This applies to persons of all ages, but it is particularly important for gut microbiome health and early development in infants and children.

References:

http://www.aalto.fi/en/current/news/2016-06-16-002

http://www.diabimmune.org

https://www.sciencedaily.com/releases/2016/06/160615151708.htm

http://www.eurekalert.org/pub_releases/2016-06/au-cat062216.php

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  • Lucy Hains

    I know this to be true. When my children were young they became pin cushions for the pediatricians. At that time no one realized or perhaps the drug companies did that antibiotics have a dark side.

    For every cold with a sore throat they were given antibiotics. Not one doctor waited for the culture to come back. They gave the prescription and said to start it right away.

    I did not have the internet as it wasn’t available at the time. Without any knowledge I did what the doctor said. Now, I know why asthma and inflammatory bowel disease showed up. From an early age they had bowel problems. They still are struggling to remedy the condition.

    Keep the information flowing-not everyone knows the connection between the misuse of antibiotics and health problems.

  • Connie Lawrence

    Researches have found there is a connection between antibiotics and breast cancer. The more antibiotics the higher the risk. Antibiotics have a lifetime risk and I am hoping against hope that the doctors wake up and stop using them indiscriminately.

  • Ingrid Levinthal

    Livestock are routinely given antibiotics. It is imperative that people stop buying commercial meat that contains it. If I have a dinner with some meat I use grass fed. The price for the commercial meat is too high.

    It may seem lower when at the cash register, but in the long run it can not only bankrupt your health, but your bank account when you pay the doctor bills.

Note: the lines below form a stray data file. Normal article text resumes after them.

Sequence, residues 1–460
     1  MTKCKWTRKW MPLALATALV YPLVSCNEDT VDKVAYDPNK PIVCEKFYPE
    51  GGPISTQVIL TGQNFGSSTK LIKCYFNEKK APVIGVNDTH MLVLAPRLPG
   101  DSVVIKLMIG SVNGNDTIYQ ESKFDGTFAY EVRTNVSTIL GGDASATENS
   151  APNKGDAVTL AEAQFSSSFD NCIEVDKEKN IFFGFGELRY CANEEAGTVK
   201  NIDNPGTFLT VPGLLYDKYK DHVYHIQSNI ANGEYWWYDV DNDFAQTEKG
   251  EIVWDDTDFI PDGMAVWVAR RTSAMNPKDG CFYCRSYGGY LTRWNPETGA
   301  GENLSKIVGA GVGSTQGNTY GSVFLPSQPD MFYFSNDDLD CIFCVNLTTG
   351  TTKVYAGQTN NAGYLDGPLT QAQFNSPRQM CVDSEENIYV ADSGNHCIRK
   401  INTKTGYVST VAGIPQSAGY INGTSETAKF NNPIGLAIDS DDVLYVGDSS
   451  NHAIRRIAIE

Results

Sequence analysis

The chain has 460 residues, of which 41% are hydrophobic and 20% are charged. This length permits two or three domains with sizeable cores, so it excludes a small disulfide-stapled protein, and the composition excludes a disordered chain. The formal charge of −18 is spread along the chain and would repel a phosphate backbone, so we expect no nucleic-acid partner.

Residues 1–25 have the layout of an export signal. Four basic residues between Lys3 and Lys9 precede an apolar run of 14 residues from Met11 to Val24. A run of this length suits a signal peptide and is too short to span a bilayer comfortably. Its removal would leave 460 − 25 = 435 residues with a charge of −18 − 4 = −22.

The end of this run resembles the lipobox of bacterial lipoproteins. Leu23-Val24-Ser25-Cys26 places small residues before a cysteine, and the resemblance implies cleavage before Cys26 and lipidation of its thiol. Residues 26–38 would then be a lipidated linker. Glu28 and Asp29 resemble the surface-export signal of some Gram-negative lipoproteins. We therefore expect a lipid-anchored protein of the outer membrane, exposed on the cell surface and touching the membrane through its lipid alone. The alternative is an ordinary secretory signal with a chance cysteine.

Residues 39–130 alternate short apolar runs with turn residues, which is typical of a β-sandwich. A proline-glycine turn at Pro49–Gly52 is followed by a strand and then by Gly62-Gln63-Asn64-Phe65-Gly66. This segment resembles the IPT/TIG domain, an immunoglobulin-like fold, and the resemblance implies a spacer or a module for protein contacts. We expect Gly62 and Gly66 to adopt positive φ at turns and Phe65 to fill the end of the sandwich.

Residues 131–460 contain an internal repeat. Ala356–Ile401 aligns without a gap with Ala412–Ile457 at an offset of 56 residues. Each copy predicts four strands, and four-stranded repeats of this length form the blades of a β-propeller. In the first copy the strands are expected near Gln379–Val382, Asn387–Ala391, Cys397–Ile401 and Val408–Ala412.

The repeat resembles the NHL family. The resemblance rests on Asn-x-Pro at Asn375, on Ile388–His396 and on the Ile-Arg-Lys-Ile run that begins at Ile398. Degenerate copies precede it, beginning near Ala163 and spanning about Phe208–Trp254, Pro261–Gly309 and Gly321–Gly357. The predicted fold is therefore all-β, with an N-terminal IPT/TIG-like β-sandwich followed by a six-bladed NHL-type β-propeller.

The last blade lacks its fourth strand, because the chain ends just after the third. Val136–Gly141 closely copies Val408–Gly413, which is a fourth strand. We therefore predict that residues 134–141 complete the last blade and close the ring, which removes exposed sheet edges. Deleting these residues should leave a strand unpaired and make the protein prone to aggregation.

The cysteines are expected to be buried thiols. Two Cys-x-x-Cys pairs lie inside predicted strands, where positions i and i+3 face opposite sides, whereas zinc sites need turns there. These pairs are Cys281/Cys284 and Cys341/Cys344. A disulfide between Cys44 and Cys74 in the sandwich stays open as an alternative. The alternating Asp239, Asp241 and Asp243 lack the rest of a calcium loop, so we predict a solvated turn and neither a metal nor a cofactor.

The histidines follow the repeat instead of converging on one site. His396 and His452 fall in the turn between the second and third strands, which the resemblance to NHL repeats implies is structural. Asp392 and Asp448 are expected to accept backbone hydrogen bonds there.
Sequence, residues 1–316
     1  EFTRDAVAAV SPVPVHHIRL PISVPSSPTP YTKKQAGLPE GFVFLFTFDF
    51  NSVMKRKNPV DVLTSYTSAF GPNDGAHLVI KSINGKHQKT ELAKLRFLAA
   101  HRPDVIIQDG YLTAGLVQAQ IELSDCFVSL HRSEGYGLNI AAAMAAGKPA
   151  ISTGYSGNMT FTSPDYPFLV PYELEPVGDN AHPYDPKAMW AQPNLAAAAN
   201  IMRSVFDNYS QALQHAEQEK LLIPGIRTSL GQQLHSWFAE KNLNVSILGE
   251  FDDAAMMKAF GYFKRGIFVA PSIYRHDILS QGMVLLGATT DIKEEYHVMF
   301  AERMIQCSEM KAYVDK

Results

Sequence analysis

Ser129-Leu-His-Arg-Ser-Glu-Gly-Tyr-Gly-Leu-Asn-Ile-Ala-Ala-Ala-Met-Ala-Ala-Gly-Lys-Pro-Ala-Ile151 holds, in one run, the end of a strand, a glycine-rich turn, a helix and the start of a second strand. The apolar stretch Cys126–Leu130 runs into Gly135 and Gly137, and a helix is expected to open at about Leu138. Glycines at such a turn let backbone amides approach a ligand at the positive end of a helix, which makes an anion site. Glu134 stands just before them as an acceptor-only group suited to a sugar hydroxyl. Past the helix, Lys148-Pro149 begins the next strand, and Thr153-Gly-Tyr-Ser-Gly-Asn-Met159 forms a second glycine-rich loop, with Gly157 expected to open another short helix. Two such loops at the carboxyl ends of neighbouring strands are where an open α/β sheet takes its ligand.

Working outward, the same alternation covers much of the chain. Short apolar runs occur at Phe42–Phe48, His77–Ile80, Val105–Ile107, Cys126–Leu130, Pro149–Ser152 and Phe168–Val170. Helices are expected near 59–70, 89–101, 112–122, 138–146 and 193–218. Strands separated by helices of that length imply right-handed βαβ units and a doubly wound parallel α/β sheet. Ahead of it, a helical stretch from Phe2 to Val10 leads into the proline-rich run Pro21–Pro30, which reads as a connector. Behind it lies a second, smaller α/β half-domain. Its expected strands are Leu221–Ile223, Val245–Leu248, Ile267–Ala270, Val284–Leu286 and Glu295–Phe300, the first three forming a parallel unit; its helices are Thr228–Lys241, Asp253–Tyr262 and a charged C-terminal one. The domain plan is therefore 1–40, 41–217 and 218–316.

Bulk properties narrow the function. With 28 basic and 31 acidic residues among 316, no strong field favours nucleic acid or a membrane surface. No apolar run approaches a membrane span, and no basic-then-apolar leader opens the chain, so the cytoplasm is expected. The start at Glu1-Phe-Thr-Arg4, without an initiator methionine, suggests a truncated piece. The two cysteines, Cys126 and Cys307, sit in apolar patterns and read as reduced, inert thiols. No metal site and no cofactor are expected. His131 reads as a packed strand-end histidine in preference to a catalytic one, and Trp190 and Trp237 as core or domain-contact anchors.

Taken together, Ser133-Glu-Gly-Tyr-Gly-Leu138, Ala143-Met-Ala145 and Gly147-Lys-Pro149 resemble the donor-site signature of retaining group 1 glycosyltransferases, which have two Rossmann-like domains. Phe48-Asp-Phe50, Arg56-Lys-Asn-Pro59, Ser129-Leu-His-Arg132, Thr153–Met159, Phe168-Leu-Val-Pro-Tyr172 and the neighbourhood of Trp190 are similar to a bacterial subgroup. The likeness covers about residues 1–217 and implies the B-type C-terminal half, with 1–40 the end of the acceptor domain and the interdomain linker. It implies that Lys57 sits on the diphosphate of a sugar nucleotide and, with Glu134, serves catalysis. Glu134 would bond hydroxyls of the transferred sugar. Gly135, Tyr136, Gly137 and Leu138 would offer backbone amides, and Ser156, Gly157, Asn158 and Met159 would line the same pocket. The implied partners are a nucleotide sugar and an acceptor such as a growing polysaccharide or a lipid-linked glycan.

• Martin Udell

    This has been a known fact for many years. Only recently is the public becoming aware of it. This has been sweep under the rug. In fact doctors were not clued in until it became an issue to big to hide.

  • Jose Lenord

    This may turn out to be the countries biggest nightmare as antibiotic resistance strains turn up. This can host pandemics and hurt medicare. This is my idea of the careless use of the prescription pad.

    It is also a symptom of greed as the pharmaceutical companies look to expand the reach of antibiotics. I was given it in dental offices when it was proven not to be effective for what it was used for.

    Drug company reps are told to push for its use even when in doubt. Large scale use on livestock was a windfall for these companies. Any drug that may have a legitimate use always goes beyond the bounds for the profit not its intended use.

  • Trent Anderson

    Antibiotics may take many more lives then it saves. That is a sorry state of affairs. As a short term drug it has turn out to be one of the most long termed used one. It is constant and even in our food and water supply.

  • truleeo

    My child had antibiotics for ear infections regularly and after a double course of zithromax had an austic regression.